And what is it that they are pursuing? It is a mere shadow, an unresisting substance. We have neither the power, nor the will, to make any opposition, except in a field in which they cannot meet us, the open field of reason and argument. Out of this we can never be forced ; and as to this, or any particular country, we are citizens of the world; and if we be perfecuted in one place, we must endeavour, as our Saviour recommends, to flee to another. Hoping, however, to be permitted to stay a while longer in a situation so perfectly agreeable to ine in other respects, and not having very long to continue in any,

I am, &c.

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P.S. The subject of my next Letter will be Toleration, which being a thing that Mr. Madan has no want of himfelf, I shall fhew you he has thought little about, and certainly does not understand,

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LETTER VI.

Of a Complete Toleration.

My Friends and Countrymen, MR.

R. Madan, like other writers on the same side of the

question, willing to represent the church to which he belongs in the best light that he can (and toleration being fortunately at this time a reputable thing) gives it the praise of tolerant. Now this we Dissenters readily and thankfully acknowledge to a certain degree. The Act of Toleration, passed in the time of king William, which rescued the Difsenters from starving or rotting in dungeons, and which, under certain, though hard, restrictions, allowed them to worship God in the forms they most approved, was a valuable thing. But for this we do not consider ourselves as at all indebted to the church, though the bishops might not vote against it. It was the liberality of the fate, in spite of the church. The same was the case with respect to the last boon that we obtained. For it was not till after two repulses, in which the bilhops, as usual, voted on the intolerant side of the question, that we got excused from fubfcribing many of the articles of the church of England by which we had been bound before. But still it is well known that another act of parliament remains in force, which makes it eventually confiscation of goods and imprisonment for life for any man, educated a christian, to declare his difbelief of the doctrine of the trinity.

Now, as many of us Diffenters do seriously disbelieve this doctrine of the trinity, and even think it our duty to endeavour to bring others to believe as we do, viz. in the doctrine of the divine unity, as opposed to that of the trinity, it is evident that, while this law sublists, there is no proper toleration in this country for us. And yet Mr. Madan,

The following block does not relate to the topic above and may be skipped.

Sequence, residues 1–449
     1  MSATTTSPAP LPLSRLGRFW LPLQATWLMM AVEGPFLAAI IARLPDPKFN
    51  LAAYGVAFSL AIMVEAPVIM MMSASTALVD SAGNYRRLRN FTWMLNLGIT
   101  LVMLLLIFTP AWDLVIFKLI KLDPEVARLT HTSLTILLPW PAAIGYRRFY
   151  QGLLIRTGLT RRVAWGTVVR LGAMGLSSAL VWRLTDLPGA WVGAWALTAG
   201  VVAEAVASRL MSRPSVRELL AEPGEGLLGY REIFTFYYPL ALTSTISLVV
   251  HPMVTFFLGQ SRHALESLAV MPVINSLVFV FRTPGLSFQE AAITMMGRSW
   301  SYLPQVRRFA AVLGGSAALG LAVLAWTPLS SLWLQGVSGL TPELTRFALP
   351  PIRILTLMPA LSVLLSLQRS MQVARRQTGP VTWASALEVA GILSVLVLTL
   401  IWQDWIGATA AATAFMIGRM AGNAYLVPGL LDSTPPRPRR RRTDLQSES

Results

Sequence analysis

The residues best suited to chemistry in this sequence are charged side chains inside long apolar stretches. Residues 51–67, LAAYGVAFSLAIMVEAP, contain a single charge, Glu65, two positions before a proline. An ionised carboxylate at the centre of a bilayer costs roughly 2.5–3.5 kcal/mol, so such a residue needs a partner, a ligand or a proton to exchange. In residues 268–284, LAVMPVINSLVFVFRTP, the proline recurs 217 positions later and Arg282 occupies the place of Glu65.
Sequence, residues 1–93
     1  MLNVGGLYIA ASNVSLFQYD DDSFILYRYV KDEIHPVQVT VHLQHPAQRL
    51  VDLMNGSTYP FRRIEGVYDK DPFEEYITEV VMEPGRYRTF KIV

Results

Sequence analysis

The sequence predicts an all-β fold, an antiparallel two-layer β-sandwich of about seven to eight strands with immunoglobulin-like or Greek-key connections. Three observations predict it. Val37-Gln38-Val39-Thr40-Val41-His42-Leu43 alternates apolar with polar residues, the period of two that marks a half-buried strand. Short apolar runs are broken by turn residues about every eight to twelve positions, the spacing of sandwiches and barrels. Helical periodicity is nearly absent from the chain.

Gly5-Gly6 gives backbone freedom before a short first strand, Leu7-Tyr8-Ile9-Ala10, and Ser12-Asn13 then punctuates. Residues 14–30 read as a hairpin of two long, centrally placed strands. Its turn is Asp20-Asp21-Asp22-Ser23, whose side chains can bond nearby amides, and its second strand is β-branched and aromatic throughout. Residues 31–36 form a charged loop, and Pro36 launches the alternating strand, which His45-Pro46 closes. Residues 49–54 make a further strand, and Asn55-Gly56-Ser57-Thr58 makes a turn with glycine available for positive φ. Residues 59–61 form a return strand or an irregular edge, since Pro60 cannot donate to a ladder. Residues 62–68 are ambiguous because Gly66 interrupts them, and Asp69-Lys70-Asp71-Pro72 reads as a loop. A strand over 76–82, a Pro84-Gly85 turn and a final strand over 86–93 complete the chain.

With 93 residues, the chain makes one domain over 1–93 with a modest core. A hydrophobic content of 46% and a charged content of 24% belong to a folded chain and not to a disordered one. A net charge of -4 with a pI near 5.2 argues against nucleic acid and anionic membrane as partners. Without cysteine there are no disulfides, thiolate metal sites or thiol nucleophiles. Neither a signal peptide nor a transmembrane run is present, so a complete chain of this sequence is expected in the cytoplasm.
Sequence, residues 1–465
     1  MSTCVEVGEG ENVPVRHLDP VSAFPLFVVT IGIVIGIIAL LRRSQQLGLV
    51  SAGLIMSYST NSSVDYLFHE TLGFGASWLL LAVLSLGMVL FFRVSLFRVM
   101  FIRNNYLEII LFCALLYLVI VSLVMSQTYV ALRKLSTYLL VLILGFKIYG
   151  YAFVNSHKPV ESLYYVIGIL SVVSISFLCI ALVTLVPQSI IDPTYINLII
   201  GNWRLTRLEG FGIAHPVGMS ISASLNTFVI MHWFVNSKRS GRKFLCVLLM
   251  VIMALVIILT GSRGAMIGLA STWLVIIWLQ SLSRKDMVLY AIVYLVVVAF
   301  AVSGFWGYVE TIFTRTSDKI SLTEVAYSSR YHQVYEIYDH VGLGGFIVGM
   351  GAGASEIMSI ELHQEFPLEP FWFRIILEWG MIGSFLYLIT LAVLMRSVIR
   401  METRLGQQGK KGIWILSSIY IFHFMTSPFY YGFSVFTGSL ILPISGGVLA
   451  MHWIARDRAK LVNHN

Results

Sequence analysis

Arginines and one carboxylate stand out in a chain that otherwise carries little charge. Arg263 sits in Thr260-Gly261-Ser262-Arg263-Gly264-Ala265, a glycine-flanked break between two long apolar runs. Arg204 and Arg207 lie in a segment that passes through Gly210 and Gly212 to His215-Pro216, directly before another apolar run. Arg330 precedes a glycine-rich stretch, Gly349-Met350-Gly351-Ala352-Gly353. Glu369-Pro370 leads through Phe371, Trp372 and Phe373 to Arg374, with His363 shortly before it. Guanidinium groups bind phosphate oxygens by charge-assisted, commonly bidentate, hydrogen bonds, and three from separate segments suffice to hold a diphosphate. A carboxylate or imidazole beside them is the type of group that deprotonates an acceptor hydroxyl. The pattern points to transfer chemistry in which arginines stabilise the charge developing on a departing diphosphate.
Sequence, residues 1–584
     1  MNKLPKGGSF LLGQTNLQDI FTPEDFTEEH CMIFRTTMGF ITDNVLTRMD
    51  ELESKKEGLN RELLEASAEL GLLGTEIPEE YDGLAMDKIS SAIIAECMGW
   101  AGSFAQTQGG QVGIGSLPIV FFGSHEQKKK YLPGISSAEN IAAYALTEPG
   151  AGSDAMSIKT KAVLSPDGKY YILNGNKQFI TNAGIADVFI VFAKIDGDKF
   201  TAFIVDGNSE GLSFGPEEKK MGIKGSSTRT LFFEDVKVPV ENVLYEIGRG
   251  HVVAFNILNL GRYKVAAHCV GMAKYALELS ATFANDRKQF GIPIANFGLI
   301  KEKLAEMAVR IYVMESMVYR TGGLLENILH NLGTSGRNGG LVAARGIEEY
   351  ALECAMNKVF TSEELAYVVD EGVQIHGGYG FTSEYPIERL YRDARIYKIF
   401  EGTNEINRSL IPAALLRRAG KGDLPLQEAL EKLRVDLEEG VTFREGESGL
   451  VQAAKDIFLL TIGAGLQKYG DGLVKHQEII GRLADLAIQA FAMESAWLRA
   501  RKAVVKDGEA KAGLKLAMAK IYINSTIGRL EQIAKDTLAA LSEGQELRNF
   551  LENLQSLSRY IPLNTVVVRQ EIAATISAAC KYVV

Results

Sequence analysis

knowing

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knowing this, and expressly mentioning it, can insult us, as others of the clergy are perpetually doing, by saying, p. 12, that we have “the fullest liberty of conscience and

opinion.” " This doctrine," (viz. the trinity) says he, p. 19, “the Diflenters think proper to reject, and they

are at liberty to reject it,” that is at the risque of the penalty above mentioned, which, if any person should be bigot enough to inform against us, neither Mr. Madan, nor any other clergyınan, let his disposition towards us be ever so friendly, can prevent being exacted to the uttermost. This certainly is no toleration. It is mere connivance, and such as ány felon may enjoy while nobody thinks proper to prosecute him.

Mr. Madan himself fays, p. 21, “I will admit that the

rigorous execution of this law would certainly be in“ tolerant.” Is it not then plain, that though Englishmen may be merciful, the laws are un merciful, and therefore ought to be repealed? You will naturally think that after Mr. Madan himself had taxed the law with intolerance, if carried into execution (which is certainly saying nothing at all in fayour of the law) he would be for the repeal of it. But this by no means follows. Without calling this law any guard of the church, or of the principles of it, which however it was intended to be, and eve: making a merit of its not being executed, he says, p. 21, “the deliberate repeal « of it would certainly operate as a virtual fan&tion for that " conduct which it was enacted to restrain. That is, if there had been any law which made it death to steal an apple, it ought not to be repealed, because that would be a virtual sanction to the stealing of apples. Is not this most curious reasoning? Your clergy, I hope, give you better from the pulpit than in such publications as these. If the reasoning of Paul (Acts xxiv. 25.) had been no better than this, Felix would have been more disposed to laugh than to tremble.

It is, indeed, something extraordinary that Mr. Madan's ingenuity should not be able to find some medium in this case, either by proportioning the punishment to the crime,